Taking responsibility for the publicity for any music group is a big undertaking. Chances are you’ll need to be promoter, press officer, social media whiz, web master and graphic designer.
Here are my eight top poster design tips to help non-designers create posters and fliers.
Work out what you like and what you don’t like
While plagiarism is obviously a big no-no, there is absolutely nothing wrong with looking at other people’s designs online and getting ideas from them. Search for posters for all sorts of different events and download some that you like and some that you don’t like, then do some quick analysis.
Your preferences may be down to colour, how much (or little) is on the page, use of fonts, particular types of images or effects etc. As you go through this process you’ll find that you start to formulate some poster design ideas of your own.
Keep your poster design simple
It’s very tempting to throw everything at a page in the hopes that it will be ‘eye-catching’ and therefore attractive. However, chances are it will just confuse people, and your main message will fail to make itself heard.
Sketch out some simple designs and page layouts first, no matter how roughly. Keep your word count down and use images sparingly. If you’re performing a Remembrance Day concert, for instance, something as simple as the silhouette of a single poppy as the backdrop could be really effective.
Prioritise your information
In design speak this is called ‘hierarchy of information’ or ‘visual hierarchy’. Put simply, it means giving prominence to the most important information so that people can scan it and understand what it’s all about. On a concert poster, for instance, the style of music being performed almost certainly trumps the venue details, and in turn, the venue details almost certainly trump the ticket prices.
Use the same font, in the same colour, at the same size for headings. Use the same font, in the same colour, at the same size for body text. Decide whether your bullet point lists will start with capital letters or not, and stick to it – don’t mix and match. Use the same bullet point wherever you use bullet points. You get the gist…
Stick to one or two fonts
It’s perfectly fine to use a couple of different fonts: one for headings and sub-headings and another for body text, for instance. Rein it in after that and remind yourself of the points above about simplicity and consistency.
As a general rule of thumb, avoid using Comic Sans, Curlz and Papyrus. They are over-used, often used inappropriately, and will do you no favours. There are many other fonts to choose from, even if you’re limited to the ones on your computer.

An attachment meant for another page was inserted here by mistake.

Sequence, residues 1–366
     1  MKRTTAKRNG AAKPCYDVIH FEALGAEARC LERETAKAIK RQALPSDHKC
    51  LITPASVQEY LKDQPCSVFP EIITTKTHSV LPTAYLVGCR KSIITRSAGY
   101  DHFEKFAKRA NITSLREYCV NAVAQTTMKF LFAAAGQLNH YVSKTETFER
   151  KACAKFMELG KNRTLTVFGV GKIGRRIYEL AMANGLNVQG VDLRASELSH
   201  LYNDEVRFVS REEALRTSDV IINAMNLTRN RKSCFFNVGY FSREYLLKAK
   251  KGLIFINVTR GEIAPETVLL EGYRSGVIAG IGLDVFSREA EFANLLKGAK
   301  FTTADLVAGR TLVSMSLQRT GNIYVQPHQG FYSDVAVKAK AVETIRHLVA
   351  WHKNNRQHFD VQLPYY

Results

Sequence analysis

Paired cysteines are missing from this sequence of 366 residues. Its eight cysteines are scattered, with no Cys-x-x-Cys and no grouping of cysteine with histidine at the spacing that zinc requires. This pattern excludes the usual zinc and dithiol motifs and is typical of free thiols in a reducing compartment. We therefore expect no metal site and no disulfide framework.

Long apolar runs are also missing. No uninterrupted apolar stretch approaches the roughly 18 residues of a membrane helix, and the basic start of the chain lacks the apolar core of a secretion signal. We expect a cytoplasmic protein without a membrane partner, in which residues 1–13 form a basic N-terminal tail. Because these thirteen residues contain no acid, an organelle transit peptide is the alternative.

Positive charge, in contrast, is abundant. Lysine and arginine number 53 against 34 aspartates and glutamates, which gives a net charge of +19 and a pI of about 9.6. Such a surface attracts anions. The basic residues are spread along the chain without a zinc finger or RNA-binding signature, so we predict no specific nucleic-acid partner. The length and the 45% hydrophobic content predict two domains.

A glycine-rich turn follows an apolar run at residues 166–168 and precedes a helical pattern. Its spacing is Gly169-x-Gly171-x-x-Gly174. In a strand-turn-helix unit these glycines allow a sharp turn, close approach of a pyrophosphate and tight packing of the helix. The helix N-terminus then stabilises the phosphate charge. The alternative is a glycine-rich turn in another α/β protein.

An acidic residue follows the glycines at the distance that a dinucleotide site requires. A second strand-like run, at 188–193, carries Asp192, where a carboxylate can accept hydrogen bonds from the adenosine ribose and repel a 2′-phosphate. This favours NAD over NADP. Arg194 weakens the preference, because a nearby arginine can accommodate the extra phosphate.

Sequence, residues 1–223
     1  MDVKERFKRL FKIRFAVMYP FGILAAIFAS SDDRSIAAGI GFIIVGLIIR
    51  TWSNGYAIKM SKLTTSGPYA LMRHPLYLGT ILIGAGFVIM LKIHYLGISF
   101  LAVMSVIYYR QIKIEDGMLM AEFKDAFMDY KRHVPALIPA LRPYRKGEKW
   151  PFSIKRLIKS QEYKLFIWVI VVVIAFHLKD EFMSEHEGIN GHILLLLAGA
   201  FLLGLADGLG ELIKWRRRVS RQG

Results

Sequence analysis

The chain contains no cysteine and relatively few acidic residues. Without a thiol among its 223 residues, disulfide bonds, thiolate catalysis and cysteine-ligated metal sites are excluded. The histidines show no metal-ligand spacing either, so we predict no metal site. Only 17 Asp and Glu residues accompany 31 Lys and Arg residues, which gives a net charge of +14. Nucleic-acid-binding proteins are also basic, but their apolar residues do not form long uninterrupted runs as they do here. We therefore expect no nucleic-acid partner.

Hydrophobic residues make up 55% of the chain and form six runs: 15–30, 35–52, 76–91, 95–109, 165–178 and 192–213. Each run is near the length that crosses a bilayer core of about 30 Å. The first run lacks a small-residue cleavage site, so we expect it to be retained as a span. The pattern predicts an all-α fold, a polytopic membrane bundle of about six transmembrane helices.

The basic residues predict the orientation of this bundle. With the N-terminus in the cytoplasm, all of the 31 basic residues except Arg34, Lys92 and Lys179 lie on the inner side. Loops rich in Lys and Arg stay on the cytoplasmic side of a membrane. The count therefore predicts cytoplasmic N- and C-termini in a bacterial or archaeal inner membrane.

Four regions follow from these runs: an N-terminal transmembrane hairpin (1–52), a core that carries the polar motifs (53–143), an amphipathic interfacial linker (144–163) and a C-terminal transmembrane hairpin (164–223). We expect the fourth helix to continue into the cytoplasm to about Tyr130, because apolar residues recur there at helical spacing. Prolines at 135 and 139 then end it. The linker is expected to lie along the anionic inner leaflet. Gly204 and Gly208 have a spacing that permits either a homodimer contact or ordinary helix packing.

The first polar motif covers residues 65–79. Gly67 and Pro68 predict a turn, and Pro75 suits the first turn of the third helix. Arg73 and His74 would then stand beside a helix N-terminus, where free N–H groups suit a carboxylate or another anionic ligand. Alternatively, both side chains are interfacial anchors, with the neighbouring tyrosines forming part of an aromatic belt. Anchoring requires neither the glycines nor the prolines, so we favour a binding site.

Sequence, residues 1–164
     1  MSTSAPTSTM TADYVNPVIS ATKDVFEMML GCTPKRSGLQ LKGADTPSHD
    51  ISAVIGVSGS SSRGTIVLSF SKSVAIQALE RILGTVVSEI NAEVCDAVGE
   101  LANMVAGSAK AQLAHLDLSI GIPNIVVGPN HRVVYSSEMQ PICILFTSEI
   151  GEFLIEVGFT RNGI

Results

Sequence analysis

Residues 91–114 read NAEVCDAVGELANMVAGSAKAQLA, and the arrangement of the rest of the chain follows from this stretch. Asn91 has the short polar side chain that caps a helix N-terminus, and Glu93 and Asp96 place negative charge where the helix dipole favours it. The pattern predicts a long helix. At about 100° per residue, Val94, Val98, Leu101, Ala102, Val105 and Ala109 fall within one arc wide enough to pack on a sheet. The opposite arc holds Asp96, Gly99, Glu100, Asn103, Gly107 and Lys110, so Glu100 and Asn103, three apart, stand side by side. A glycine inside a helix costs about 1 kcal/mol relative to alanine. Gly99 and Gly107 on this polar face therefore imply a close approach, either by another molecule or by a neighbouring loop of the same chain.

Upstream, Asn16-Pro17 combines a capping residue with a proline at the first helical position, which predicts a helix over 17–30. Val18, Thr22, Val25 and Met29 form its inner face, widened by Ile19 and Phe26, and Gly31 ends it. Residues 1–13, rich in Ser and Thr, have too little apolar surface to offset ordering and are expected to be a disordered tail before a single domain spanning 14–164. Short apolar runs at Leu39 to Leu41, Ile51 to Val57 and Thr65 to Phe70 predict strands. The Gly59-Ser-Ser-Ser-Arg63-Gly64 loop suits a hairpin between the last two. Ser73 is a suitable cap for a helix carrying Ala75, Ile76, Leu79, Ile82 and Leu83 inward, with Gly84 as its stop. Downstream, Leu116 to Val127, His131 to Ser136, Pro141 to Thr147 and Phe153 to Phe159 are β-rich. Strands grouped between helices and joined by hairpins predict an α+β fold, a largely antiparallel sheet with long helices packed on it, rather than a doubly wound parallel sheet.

Stick to a defined colour palette
If you don’t have a specified colour palette already, choose around three or four colours that complement your logo and use those consistently across your materials, including your poster design.
There are lots of online resources to help you choose colour combinations such as color.adobe.com.
If you’re placing text over coloured backgrounds or images, make sure there is contrast between the two so that the text clearly stands out.
Avoid using clip art
Clip art is, by definition, not unique, and therefore can only reflect your message or values in a very generic way. To be frank, it looks unprofessional.
If you think the answer is a quick Google image search then think again. Use an image that you’ve found in this way and you could be in breach of copyright. It is also unlikely to be of good enough quality for anything other than on-screen use.
Here are some alternatives:
- If you have them (and they are of decent quality) use your group’s own photos. These have the advantage of being both unique and authentic.
- Use simple shapes such as speech bubbles, circles or boxes to house text or images, breaking up your page.
- Search Creative Commons photo libraries such as pexels.com or unsplash.com.
- Buy a few stock images (this could be photographs, illustrations, icons or even patterns) but make sure they are truly relevant to your group or concert theme.
Ask someone else to review your work
We all make mistakes. We all edit things and accidentally leave remnants of the original behind to show us up and annoy us. We all get too close to a piece of work and can’t ‘see’ it anymore.
Enlist someone to proof-read for you and also to proof the visual elements. If possible, also test your poster design out with members of your target audience to check it’s hitting the right note (no pun intended!)
Grainne Slavin is a professional graphic designer who leads design service company Platform 74